Table 2 Association between congenital heart disease and length of hospital stay after delivery given by relative ratio (RR) and 95% confidence interval (95% CI). Denmark, 1997–2014
Fig. 2
figure 2

Median number of days of admission after delivery among women with complex CHD and without CHD for nulliparous women and multiparous women

The length of hospital stay after delivery was extended with 45% (adjusted RR = 1.45, 95% CI: 1.24–1.70), 14% (RR = 1.14, 95% CI: 1.07–1.21) and 12% (RR = 1.12, 95% CI: 1.07–1.18) for women with complex, moderate, and simple CHD, respectively, compared to women without CHD (Table 2). There was no difference in length of hospital stay among women with moderate and simple CHD (p = 0.70). The association between maternal CHD and length of hospital stay was similar in strata of mode of delivery (p-value of interaction = 0.62, Fig. 3). Women who had a cesarean section had on average 2.7 days longer hospital stay after delivery compared to women who did not give birth by cesarean section (Fig. 3).

Fig. 3
figure 3

Predicted days of admission after delivery by maternal congenital heart disease status and caesarean section. P-value for interaction is 0.62. Adjusted for maternal age, parity, ethnicity, educational level and year of delivery

Sensitivity analyses

The sensitivity analyses with length of hospital stay truncated at 30 days (Supplementary Table S1) and 100 days (Supplementary Table S2) after delivery gave almost the same results as the main analysis (truncated at 50 days; Table 2). Also, exclusion of women with hospital stays above 50 days gave similar results (Supplementary Table S3).

Additionally, modeling the association using a multilevel analysis did not change the results compared to the main analysis (Supplementary Table S4).

Discussion

This nationwide register-based cohort study found that the length of hospital stay after delivery was significantly longer among women with CHD as compared to women without CHD. The hospital stay was 45% longer among women with complex CHD, 14 and 12% longer among women with moderate and simple CHD compared with women without CHD. Cesarean section did not modify the association between maternal CHD and length of hospital stay after delivery.

Our findings are supported by similar American studies, where length of maternal hospitalization on average was longer among women with CHD compared to women without CHD [6, 7, 12,13,14,15]. One study reported that 23.8% of women with CHD stayed > 3 days after delivery as compared to 13.4% of women without CHD [6]. Likewise, Warrick et al. [15] reported that almost half of all deliveries complicated by maternal CHD resulted in a prolonged hospital stay after both vaginal delivery and cesarean section. Additionally, Hayward et al. [14] found that 11.1% of women with complex CHD and 6.0% of women with non-complex CHD had a hospital stay more than 7 days after delivery as compared to 1.3% among women without CHD. Furthermore, a recent American study reported a mean hospital length of 2.3 days among women with CHD as compared to 1.8 days among women without CHD [12]. Also, they reported a longer hospital stay among women with more complex CHD as compared to women with simple CHD; 2.6 days versus 2.2 days. These are shorter stays compared to the length of stay in the current study. However, free and universal healthcare, as well as national guidelines most likely affect the current practice and length of hospital stay. Nevertheless, despite differences in the absolute length of stay, the pattern between women with and without CHD was similar to previous studies.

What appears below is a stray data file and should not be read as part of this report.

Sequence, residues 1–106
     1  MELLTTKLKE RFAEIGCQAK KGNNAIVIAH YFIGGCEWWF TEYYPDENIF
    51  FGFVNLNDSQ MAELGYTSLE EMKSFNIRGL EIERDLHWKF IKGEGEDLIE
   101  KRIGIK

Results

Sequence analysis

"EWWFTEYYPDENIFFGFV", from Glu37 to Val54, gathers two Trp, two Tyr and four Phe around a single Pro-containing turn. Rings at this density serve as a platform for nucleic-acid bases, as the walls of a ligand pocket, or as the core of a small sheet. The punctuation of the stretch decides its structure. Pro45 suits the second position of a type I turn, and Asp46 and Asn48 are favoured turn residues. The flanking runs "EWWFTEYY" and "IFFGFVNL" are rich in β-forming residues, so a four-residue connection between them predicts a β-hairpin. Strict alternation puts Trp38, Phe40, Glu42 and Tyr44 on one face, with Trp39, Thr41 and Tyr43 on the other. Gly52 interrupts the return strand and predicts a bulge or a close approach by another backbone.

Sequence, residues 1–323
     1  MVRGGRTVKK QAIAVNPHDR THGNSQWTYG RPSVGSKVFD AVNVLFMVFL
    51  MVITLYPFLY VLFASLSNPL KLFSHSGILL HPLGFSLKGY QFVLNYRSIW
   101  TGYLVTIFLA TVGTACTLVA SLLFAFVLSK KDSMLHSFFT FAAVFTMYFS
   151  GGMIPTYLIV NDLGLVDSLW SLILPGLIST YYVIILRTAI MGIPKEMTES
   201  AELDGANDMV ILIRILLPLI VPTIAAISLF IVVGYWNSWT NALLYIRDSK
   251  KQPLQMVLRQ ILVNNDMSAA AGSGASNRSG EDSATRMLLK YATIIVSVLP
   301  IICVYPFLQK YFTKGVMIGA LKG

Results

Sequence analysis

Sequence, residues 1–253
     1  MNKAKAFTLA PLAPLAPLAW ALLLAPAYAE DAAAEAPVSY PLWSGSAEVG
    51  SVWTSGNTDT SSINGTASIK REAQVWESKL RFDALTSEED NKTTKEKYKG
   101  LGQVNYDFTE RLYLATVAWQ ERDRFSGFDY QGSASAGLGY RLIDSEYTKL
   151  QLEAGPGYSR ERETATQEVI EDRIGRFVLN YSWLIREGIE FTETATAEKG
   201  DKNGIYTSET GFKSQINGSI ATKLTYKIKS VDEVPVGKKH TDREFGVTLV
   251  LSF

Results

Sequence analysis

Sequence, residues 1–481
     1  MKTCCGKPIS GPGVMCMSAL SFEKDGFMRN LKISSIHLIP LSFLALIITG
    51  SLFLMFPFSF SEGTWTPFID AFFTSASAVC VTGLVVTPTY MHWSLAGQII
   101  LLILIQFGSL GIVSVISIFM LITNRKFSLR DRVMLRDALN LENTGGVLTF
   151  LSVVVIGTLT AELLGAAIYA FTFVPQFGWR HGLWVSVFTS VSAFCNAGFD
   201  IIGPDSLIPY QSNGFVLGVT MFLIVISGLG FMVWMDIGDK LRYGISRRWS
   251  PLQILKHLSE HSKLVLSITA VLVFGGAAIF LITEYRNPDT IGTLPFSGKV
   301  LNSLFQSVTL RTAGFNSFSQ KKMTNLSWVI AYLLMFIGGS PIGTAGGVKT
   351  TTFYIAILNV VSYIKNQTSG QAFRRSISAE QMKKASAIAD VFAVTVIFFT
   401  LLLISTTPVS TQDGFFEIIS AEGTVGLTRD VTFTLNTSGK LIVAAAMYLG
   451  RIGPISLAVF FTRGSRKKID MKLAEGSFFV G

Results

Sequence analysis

A longer admission after delivery among women with CHD can be a consequence of several factors that are more common among women with CHD than among women without CHD, e.g. a higher proportion of preterm birth [8, 9, 11, 14, 17], obstetric complications or cardiac complications during pregnancy and delivery [7, 10, 17, 34, 35]. It could involve a pathway from CHD to obstetric complications during pregnancy and delivery leading to a higher frequency of cesarean section and longer hospital stay. In line with the exiting literature, we found a higher proportion of women with CHD having cesarean section as compared to women without CHD [5, 7, 11, 12, 14, 15, 17, 18, 36]. Further, we found that the length of hospitalization was longer after a cesarean section among both women with and without CHD. However, in the present study we show that the length of hospital stay is not prolonged additionally after a cesarean section among women with CHD as compared to women without CHD. This finding indicates that cesarean sections do not affect women with CHD more severely than women without CHD; at least not to an extent that is reflected in longer hospitalization. However, a longer hospital stay could also be due to caution among clinical staff. This need to be addressed in future research in order to understand if longer stay was a positive or negative outcome and further if it should or could be prevented.

There is an international trend to shorten the postpartum hospital stay among healthy women [37]. However, both early discharge and longer hospital stay among healthy women has been speculated to be associated with adverse outcomes as e.g. postpartum depression, readmission and neonatal mortality rate [37, 38]. Among women with CHD other factors might need consideration, e.g., Hayward et al. [14] showed that women with CHD more often were readmitted to the hospital within 30 days, 1 year and 7 years after delivery-related discharge as compared to women without CHD. Therefore, the association between length of hospital stay and subsequent adverse maternal and neonatal outcomes needs to be investigated among women with CHD. Analyzing the number of readmissions was beyond the scope of this study, however, it may indicate how a prolonged hospital stay among women with CHD is associated with readmission rate after delivery in a Danish setting.

Strengths and limitations